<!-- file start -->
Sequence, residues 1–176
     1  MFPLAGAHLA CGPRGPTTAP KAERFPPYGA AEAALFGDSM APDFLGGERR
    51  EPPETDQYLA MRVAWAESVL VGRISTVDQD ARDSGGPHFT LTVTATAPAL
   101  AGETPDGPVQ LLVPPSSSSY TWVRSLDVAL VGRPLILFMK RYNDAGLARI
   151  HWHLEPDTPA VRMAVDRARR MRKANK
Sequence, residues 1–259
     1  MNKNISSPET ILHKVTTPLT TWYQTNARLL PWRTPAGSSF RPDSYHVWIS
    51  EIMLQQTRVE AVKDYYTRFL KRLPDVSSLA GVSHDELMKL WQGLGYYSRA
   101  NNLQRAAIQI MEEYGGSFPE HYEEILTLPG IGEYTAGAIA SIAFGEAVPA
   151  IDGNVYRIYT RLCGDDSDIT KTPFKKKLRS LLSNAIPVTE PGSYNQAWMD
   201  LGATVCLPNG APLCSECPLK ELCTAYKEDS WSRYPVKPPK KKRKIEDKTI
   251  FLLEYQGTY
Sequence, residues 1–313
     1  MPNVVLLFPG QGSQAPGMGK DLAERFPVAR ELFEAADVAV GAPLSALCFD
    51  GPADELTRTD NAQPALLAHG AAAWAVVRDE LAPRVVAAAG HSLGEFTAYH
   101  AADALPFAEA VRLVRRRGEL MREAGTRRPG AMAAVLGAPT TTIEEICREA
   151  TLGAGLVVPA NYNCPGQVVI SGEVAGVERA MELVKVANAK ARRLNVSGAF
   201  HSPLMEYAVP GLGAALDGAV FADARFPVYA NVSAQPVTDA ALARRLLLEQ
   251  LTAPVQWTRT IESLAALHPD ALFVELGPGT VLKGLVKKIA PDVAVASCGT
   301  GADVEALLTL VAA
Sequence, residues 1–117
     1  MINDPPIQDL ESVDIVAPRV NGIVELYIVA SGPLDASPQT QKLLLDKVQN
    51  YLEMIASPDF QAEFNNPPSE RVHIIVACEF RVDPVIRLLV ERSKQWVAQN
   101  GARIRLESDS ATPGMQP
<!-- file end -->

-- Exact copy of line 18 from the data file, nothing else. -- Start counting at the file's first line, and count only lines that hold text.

   201  HSPLMEYAVP GLGAALDGAV FADARFPVYA NVSAQPVTDA ALARRLLLEQ